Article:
Was Benedict Arnold A Hero Or Traitor?

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By definition, Benedict Arnold is a traitor. One of the most dramatic characters in history, The Notorious Benedict Arnold and Arnold’s letter to a British officer, John André, about selling West Point both contribute to the story of Arnold’s cowardly transferring from American to British forces. Clearly, his motivations were his lack of appreciation by other militants and need for a lavish lifestyle. Even though Benedict Arnold won over critical battlegrounds and contributed to the progression of the Patriots in the beginning of the Revolution, there is no excuse for his impulsive actions and attitude. Once a traitor, always a traitor. If you were to convey Arnold as a hero you would only be telling only half of the story. Arnold never felt appreciated by fellow Patriots, at the time, and Congress. Arnold argues that for his work in leading captures of certain locations such as Fort Ticonderoga and coordinating the army should be an automatic promotion. Once Congress promoted five other officers other than Arnold, he, along with his extremely sensitive ego, took …show more content…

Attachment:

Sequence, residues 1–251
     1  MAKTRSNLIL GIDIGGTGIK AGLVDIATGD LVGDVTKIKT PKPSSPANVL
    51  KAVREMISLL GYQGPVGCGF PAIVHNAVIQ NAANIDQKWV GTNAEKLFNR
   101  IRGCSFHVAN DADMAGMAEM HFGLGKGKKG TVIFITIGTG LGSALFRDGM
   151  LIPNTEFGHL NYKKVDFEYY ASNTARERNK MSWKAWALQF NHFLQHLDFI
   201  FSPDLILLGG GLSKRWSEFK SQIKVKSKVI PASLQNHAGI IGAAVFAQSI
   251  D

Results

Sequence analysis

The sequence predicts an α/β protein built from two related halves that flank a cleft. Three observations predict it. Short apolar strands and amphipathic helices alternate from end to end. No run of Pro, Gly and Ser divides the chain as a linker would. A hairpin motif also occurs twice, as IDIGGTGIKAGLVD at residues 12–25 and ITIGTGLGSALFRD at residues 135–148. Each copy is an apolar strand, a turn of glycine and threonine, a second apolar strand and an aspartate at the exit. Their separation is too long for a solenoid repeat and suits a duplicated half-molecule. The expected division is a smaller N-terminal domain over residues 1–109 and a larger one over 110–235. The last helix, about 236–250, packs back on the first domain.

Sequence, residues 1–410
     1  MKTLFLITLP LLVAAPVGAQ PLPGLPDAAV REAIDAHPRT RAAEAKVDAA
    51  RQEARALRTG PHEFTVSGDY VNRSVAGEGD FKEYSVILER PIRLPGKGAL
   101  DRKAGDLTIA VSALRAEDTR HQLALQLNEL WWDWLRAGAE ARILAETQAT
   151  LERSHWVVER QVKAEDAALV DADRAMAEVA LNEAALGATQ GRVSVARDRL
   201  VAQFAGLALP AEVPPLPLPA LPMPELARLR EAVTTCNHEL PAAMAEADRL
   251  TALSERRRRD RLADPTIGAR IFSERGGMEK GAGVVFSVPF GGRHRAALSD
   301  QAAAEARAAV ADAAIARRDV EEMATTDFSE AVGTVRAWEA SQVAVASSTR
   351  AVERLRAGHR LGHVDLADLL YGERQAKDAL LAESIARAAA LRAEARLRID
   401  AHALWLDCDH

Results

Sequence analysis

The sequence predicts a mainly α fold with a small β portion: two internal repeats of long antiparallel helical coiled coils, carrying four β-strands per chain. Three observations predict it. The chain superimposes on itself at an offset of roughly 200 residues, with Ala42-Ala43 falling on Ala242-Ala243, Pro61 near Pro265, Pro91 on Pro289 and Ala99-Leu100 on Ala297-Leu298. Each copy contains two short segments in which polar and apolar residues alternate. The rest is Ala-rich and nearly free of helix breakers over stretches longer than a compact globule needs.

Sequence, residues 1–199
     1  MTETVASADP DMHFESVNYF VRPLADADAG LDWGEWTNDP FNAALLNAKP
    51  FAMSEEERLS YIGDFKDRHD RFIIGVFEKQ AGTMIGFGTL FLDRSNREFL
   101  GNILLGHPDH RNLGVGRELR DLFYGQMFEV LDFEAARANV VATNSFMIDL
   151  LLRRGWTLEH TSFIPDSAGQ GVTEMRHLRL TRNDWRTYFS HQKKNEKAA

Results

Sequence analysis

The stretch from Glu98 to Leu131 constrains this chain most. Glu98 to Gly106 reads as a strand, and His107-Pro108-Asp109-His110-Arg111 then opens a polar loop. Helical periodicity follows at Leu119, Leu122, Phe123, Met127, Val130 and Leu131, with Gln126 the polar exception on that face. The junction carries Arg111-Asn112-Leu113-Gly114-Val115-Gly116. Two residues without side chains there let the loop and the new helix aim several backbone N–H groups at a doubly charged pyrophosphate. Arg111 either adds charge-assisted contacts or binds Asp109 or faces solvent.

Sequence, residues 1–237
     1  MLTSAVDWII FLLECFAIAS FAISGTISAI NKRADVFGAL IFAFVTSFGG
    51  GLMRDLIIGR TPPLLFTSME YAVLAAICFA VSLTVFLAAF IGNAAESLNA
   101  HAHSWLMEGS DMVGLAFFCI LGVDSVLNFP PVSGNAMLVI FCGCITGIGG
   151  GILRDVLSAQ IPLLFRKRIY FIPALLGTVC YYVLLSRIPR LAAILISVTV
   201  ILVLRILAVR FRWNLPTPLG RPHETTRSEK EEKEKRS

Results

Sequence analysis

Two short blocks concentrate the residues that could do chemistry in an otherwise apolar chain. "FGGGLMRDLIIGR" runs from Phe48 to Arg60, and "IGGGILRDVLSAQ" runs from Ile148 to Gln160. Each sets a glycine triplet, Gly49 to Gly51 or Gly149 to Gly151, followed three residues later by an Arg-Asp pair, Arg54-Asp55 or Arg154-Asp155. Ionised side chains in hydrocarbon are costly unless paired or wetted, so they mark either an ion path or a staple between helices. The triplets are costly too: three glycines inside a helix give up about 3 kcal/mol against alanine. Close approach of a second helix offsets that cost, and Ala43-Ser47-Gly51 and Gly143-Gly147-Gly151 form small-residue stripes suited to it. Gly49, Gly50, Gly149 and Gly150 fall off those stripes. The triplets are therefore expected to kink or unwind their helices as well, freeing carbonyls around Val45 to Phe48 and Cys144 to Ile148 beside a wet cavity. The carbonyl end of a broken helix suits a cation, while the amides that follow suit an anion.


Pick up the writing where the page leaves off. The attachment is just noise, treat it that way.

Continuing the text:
Eventually, after being once again enrolled into the army, the indecisive Arnold decided he deserved more than he had. In order to carry out this money-oriented craving, Arnold “settled in the elegant Penn mansion, [...] posted uniformed guards outside the door, bought expensive new furniture, hired cooks, maids, and coachmen, and rode around town in a stylish new carriage” (Sheinkin 206-7). To pay for all of this, he carries out dealings with a local merchants to get a shares of the profits. In order to transport these goods, he abuses his power and permitted use of government wagons. As this event carries out and Arnold is becoming richer, he orders all stores to be closed “to determine which of the goods [...] might be useful to the army” (Sheinkin 207). Unfairly, he was the only one prospering during the town’s

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